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In June, the Thomson Reuters Institute and Thomson Reuters Regulatory Intelligence published a Special Report: Cryptos on the Rise, which looked at the state of crypto assets, their risk and regulation, and how their impact and acceptance is evolving around the world. The report included a Compendium of Country-by-Country Crypto Regulations.
Since publication, much has transpired globally in crypto regulation, warranting a special recap of the report that focuses on U.S. regulation, ahead of a global update next year.
Although the U.S. Securities and Exchange Commission (SEC) is sure to play a central role in the regulation of digital assets, rules, guidance and enforcement actions brought by other authorities are already beginning to take shape. For example, federal regulators have begun staking out their territory for regulating digital assets while several states have raced ahead with their own laws. Like much U.S. financial services regulation, there is significant jurisdictional overlap, and the well-established concept of a “regulatory patchwork” is beginning to unfold for cryptos.
Several states and other federal regulators such as the Commodity Futures Trading Commission (CFTC) and the U.S. Treasury’s Financial Crimes Enforcement Network (FinCEN), Office of Foreign Assets Control (OFAC), and Office of the Comptroller of the Currency (OCC) are all moving forward to regulate cryptos in their respective areas of authority.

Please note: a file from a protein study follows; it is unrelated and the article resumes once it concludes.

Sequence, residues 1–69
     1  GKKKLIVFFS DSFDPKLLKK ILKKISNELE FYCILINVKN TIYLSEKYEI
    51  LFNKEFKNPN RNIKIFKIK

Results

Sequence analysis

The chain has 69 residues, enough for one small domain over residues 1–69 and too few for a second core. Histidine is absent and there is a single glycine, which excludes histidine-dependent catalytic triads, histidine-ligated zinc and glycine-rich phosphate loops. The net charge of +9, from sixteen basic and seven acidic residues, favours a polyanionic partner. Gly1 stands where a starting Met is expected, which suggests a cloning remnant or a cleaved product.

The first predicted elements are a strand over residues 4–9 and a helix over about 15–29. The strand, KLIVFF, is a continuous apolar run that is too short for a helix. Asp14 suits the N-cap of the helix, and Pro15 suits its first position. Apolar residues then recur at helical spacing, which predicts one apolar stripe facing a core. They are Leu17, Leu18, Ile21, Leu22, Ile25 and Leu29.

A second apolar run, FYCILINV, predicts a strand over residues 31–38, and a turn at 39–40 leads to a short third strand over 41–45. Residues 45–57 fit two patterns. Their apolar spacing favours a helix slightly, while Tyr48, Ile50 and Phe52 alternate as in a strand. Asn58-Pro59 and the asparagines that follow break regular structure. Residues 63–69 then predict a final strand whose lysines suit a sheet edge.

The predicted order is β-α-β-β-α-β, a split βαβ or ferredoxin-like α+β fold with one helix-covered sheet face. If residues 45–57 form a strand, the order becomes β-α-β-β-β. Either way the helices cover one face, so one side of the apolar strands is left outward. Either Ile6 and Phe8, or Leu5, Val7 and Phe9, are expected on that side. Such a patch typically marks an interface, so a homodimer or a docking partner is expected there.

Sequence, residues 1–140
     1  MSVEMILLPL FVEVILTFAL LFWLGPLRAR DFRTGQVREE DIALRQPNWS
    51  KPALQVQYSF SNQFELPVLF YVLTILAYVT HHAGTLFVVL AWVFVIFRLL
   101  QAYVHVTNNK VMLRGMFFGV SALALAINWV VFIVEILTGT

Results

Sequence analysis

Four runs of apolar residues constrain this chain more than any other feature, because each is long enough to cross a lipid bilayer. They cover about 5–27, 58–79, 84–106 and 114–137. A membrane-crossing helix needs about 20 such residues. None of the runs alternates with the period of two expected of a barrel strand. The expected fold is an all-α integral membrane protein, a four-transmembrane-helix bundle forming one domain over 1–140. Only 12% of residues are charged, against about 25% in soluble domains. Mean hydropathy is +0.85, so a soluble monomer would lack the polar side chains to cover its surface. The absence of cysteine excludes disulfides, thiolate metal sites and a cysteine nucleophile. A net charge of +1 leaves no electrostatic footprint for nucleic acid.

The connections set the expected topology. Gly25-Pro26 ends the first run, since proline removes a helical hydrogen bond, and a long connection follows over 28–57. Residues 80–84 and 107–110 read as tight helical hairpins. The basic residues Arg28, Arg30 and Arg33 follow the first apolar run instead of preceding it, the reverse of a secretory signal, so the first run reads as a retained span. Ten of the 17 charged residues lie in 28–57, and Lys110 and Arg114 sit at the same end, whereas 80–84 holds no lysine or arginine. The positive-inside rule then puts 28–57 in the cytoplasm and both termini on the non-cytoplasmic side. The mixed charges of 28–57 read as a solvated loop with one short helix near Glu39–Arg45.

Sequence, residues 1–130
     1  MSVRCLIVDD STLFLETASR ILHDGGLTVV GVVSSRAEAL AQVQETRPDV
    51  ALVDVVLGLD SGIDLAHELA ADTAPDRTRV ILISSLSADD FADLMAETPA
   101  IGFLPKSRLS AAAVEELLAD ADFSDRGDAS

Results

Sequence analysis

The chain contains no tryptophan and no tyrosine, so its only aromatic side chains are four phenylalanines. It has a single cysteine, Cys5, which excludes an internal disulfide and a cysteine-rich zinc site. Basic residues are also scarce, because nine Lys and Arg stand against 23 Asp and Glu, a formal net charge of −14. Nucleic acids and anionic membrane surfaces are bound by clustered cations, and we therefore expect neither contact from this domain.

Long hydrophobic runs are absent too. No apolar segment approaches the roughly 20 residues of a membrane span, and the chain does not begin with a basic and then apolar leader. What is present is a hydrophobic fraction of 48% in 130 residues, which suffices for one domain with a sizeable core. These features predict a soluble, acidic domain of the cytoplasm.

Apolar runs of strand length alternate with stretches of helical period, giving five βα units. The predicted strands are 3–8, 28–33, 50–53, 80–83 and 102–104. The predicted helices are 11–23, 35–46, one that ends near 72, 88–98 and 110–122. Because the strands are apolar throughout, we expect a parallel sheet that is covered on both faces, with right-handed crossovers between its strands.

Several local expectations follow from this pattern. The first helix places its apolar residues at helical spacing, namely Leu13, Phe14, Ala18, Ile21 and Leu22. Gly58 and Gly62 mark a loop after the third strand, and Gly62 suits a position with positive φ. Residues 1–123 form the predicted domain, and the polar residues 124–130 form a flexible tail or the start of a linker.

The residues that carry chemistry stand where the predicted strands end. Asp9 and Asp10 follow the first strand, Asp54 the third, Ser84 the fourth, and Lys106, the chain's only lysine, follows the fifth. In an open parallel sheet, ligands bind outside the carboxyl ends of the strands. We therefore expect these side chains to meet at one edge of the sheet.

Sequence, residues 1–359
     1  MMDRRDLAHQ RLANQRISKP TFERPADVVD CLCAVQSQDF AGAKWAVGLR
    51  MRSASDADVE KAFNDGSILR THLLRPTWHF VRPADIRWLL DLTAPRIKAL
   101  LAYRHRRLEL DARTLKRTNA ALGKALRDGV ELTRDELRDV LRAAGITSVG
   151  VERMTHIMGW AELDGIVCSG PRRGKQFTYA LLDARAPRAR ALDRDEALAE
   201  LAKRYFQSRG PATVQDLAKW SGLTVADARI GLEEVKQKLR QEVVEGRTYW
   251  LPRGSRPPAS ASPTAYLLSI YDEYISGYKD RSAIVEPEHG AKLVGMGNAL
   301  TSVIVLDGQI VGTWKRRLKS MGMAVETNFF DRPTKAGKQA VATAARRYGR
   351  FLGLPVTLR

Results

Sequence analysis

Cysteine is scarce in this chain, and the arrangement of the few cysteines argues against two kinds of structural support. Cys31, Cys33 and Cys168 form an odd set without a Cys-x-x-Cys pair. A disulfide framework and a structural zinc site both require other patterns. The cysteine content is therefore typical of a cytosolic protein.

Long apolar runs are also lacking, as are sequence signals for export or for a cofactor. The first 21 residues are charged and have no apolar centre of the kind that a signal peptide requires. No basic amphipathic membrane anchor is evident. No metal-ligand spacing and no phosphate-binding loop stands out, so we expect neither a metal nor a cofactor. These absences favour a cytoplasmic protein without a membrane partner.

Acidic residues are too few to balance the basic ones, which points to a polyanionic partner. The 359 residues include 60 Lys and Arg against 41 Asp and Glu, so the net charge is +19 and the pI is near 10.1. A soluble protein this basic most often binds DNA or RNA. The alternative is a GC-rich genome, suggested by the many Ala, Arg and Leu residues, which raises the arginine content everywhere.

The White House is also considering broad oversight of the cryptocurrency market to combat ransomware and other cybercrimes. This push includes a planned international security gathering on the issue, and reportedly may result in an executive order. Lawmakers on Capitol Hill have also called for coordination of regulations.
Federal regulators seek crypto oversight
Indeed, the SEC went from no mention of cryptos in its annual regulatory agenda in June, to requesting more resources and authority from Congress, while also announcing several enforcement actions. SEC Chair Gary Gensler said the agency would work with Congress, the Biden administration, and fellow regulators to close regulatory gaps, saying the SEC has “taken and will continue to take our authorities as far as they go.”
The SEC has brought several cases related to the offer and sale of unregistered securities offerings and other alleged fraudulent activity involving crypto-assets. Unregistered-securities ases were brought against Blockchain Credit Partners, and Poloniex, while a public spat with the largest crypto trading platform in the country, Coinbase, captured headlines after the company said the SEC warned it against launching its new lending product, which Coinbase then scrapped….